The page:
For better or worse, I sold half of my Apple stock this morning. I bought the stock earlier this year around $85, and it's currently at $165. Last week it was at $187, and I thought "I need to put in a sell order around $175" in case it went down, and sure enough it lost $23 while I wasn't paying attention. So this morning I sold off enough to cover my initial investment, and I'm leaving the rest in AAPL for the long term.
In an earlier post I wrote that my first impression of iMovie '08 was very positive, and now I'll add that my longer-term impression is also very favorable. I've created several short vacation-oriented movies so far, and I've been able to add movie clips, pictures, voiceovers, and sound effects without ever having to read a manual (which is really great, since I had never created a movie before).
VoodooPad is a really interesting application for Mac OS X users. As stand-alone applications go I don't know any good comparisons. But when you compare it to web applications it's easy to say, "Oh, it's a wiki." But really, it's a personal, one-user wiki, written as a fat client instead of a web application, with a few extra features thrown in for good measure.
After all these years -- and despite some of the bad things I've written about Microsoft and Windows in the past -- and all the people that laugh at me for using it, FrontPage is still my favorite HTML WYSIWYG editor.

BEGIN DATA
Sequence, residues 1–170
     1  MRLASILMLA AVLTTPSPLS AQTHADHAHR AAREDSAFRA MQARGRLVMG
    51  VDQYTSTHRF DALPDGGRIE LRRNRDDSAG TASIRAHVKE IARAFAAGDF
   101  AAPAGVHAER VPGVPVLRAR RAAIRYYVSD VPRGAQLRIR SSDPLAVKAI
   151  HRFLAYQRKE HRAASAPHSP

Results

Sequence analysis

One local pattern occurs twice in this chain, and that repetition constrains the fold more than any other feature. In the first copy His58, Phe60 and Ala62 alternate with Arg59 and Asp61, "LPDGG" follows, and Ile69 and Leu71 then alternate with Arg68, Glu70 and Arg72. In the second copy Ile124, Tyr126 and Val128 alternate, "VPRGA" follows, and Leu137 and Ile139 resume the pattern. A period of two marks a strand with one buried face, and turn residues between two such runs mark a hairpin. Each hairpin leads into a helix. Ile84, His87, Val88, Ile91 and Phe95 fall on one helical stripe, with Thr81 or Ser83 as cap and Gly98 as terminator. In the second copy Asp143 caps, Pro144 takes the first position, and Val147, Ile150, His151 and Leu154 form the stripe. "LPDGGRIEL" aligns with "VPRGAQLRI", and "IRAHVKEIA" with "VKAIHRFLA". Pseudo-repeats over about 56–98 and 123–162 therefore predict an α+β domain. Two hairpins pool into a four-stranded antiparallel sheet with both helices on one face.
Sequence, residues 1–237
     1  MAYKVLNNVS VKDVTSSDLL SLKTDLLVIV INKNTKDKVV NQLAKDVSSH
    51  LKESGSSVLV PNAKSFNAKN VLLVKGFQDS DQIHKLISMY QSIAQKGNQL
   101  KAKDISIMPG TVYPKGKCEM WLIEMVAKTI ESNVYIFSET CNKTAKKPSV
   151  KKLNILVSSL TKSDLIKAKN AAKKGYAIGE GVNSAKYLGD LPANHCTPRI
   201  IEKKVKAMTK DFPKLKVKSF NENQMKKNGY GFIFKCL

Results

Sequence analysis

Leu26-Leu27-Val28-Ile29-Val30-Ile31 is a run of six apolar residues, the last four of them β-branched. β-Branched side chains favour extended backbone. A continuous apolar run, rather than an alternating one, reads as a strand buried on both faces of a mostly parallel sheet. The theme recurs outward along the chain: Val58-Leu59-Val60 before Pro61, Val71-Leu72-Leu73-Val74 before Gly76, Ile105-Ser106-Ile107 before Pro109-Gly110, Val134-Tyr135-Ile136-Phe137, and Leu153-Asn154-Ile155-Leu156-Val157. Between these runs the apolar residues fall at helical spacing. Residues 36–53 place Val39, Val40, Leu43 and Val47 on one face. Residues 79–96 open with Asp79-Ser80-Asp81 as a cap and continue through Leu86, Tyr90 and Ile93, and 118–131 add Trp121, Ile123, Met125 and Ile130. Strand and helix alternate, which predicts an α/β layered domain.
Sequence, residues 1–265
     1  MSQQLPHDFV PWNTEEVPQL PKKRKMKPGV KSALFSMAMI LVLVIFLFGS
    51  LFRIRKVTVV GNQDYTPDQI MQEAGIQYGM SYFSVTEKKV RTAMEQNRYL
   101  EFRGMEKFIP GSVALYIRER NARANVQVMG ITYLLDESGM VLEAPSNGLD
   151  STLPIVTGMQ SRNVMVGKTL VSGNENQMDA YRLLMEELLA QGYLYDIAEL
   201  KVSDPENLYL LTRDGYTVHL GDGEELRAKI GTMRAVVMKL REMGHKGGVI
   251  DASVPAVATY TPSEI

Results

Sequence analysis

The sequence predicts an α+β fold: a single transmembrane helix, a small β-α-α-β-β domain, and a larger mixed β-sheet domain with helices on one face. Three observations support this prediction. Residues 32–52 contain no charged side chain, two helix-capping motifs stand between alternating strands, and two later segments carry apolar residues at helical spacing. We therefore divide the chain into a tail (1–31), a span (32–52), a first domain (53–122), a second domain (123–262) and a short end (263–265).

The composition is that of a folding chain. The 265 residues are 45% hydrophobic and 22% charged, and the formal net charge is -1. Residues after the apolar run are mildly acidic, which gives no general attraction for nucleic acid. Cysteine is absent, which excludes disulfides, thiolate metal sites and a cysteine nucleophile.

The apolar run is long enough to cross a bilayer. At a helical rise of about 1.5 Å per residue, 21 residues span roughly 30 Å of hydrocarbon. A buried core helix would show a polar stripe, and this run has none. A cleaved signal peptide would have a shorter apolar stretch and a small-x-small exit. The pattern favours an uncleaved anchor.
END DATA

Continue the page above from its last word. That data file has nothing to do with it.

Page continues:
I know that a lot of people who used previous versions of iMovie don't like iMovie '08, but as someone just getting started in creating and editing videos, I find it to be very easy to use, and seems to work the way I think. Step 1, load my video files. Step 2, extract clips from existing videos to create the desired video, add effects, etc.
Mac Olympus DS-30 review: Here's my quick take on the Olympus DS-30, from the perspective of a Mac user.
If anyone is looking at an Olympus DS-30 voice recorder, and wondering if it will work with Mac OS X (in particular for making podcasts), the answer is both yes and no (with a little extra emphasis on the "no").
Yesterday's post ("Microsoft-free") reflects a huge change from when I started using Microsoft products in 1987. Just out of college, I worked for a company named Atlantic Research Corporation in Virginia, and once I learned FORTRAN my personal mission was to port our in-house applications off the DEC VAX machines and onto 286 and 386 PCs.
While the Targus Chill Pad is a great idea, it is the worst manufactured piece of equipment I can ever recall using. I really can't remember buying anything that was made with such poor quality.
The rubber pads on the top of the Chill Pad constantly fall out. I've tried glueing them in to keep them in, and after the fourth attempt they seem to be staying in.